Nine voters out of 1.8 million. That's two thousandths of one percent: the very definition of statistical insignificance.
But these outandish claims caught Trump's attention, and led to his executive order creating a new commission, co-led by Kobash and Vice President Mike Pence, to study “those vulnerabilities in voting systems and practices … that could lead to improper voter registrations and improper voting, including fraudulent voter registrations and fraudulent voting.”
The Harm Done by Crosscheck
Using Crosscheck, 1.1 million voters have been purged from the rolls before the 2016 elections, overwhelmingly voters of color and the poor.
It was enough to swing the Electoral Votes in a number of states from Clinton to Trump. Here are a few examples:
Trump victory margin in Michigan: 13,107
Michigan Crosscheck purge list: 449,922
Trump victory margin in Arizona: 85,257
Arizona Crosscheck purge list: 270,824
Trump victory margin in N. Carolina: 177,008
Carolina Crosscheck purge list: 589,393
Michigan has 16 Electoral Votes, Arizona has 16, and North Carolina has 15 for a total of 42 Electoral Votes. Trump officially won the Electoral Vote by 306 to 232.
Switch 42 electoral votes from Trump’s column to Clinton’s, and she would have won the Electoral vote by 274 to 264. And that doesn’t even take into account that Trump officially won Wisconsin’s 10 electoral votes by 22,748 popular votes and Pennsylvania’s 20 Electoral Votes by 44,292 popular votes.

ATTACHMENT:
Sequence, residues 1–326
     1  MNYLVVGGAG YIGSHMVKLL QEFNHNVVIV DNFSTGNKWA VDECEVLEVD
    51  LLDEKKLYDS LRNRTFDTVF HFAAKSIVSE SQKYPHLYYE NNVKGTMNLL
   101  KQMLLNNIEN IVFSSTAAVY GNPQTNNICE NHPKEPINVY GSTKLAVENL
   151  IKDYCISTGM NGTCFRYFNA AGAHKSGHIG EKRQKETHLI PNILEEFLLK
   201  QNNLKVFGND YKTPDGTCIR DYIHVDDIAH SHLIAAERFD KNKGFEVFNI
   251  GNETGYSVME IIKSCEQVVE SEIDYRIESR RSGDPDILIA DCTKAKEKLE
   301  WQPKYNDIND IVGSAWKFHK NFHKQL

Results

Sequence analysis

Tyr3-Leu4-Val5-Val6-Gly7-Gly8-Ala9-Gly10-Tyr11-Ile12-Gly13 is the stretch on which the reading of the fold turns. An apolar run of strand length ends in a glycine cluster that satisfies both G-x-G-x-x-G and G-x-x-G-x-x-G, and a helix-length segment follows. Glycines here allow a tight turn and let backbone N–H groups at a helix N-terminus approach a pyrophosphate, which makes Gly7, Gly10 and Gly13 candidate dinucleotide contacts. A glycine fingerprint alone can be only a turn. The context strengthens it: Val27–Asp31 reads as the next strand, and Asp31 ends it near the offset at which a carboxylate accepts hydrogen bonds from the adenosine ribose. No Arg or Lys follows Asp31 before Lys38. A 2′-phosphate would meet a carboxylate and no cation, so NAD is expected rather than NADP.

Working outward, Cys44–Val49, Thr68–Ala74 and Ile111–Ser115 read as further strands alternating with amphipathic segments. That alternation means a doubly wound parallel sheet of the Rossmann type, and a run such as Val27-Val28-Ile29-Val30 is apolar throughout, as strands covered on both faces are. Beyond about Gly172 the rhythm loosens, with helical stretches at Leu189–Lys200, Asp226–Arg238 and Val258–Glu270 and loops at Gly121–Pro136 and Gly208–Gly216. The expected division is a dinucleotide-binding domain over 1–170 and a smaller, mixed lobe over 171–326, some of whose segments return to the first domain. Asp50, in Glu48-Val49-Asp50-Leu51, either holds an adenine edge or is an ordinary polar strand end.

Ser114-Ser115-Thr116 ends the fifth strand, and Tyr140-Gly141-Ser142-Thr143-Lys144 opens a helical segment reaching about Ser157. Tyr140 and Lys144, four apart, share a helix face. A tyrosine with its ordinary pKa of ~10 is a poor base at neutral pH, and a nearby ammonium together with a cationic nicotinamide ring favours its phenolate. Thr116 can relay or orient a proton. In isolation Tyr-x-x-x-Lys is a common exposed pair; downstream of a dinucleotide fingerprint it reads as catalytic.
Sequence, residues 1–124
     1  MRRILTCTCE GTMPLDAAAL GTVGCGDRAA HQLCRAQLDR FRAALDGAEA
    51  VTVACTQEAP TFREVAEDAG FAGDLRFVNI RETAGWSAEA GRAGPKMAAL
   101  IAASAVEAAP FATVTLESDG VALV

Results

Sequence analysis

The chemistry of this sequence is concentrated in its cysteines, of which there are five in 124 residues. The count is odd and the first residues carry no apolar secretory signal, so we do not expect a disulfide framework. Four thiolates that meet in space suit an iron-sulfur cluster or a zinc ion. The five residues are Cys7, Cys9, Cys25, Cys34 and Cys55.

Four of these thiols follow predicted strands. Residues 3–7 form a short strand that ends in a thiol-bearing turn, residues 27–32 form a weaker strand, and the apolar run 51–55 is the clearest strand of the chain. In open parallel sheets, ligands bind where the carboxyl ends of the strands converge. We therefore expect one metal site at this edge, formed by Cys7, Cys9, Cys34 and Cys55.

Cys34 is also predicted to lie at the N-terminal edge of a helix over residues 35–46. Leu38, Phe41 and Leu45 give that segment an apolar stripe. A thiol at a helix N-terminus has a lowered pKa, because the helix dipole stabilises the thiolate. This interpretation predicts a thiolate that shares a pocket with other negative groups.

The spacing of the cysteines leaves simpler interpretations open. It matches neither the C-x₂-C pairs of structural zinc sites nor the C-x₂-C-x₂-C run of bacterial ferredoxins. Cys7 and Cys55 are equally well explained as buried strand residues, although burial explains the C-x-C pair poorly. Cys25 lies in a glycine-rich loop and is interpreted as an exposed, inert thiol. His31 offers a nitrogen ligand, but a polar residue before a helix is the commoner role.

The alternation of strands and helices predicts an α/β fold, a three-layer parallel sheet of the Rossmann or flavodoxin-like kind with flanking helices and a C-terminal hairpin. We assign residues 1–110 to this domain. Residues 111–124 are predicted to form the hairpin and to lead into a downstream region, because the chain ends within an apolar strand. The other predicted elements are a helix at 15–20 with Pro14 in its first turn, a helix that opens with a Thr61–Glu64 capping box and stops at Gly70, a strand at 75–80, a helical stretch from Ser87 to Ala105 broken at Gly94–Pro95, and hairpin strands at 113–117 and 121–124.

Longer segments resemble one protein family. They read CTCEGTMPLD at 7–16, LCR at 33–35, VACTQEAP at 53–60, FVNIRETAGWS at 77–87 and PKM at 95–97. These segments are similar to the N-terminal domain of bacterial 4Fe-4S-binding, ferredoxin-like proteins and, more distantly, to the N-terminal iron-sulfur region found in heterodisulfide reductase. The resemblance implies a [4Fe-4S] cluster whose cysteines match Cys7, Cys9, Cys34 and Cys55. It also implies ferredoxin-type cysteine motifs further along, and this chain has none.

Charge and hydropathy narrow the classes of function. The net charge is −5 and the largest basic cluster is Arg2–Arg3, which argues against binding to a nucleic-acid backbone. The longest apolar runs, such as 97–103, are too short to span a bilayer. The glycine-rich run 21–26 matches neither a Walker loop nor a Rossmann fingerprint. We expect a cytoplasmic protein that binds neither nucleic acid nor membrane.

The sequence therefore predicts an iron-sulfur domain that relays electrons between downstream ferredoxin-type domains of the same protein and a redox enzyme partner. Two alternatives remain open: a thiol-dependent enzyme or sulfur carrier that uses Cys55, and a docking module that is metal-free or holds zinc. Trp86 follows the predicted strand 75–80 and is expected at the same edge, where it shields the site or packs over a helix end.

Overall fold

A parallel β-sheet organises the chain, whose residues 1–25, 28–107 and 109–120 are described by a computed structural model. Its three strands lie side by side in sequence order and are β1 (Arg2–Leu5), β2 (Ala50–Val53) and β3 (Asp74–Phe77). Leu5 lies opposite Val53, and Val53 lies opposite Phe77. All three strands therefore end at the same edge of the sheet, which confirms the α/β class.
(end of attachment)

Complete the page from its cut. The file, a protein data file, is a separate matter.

In essence, Kobach and other Republican operatives used Crosscheck to wrongfully purge voter rolls of minority voters and grant the presidency to Donald Trump, without even accounting for other voter suppression techniques they used.
With Kobach now leading Trump’s “Voter Integrity” Commission, Trump and the Republicans are gearing up to steal the 2018 and 2020 elections, unless activists stop them.
Already, Crosscheck may have denied Democrat Jon Ostroff an outright victory last month in the Special Election for a House Seat in Georgia’s 6th District, forcing a run-off in June.
Crosscheck focused on Korean-Americans in the suburban Atlanta district, like Sung Park, who was dinged for voting in two states because he has a name that is as common among Koreans as James Brown is among African-Americans.
But mainstream Democrats, and liberal media like MSNBC, have largely ignored the Crosscheck story, and have instead focused on hot-button controversies like the impact of Putin and Comey on the 2016 vote. They do so at our peril.
With the power of a Presidential Commission behind him, Kobach and his billionaire supporters like the Koch Brothers and Sheldon Adelson will likely purge millions more minority voters from the 2018 and 2020 voting rolls, setting up the grand theft of future elections and, if we look the other way, guaranteeing Republican control of our government into the indefinite future, regardless of the will of the people.
It’s up to the resistance movement to stop them.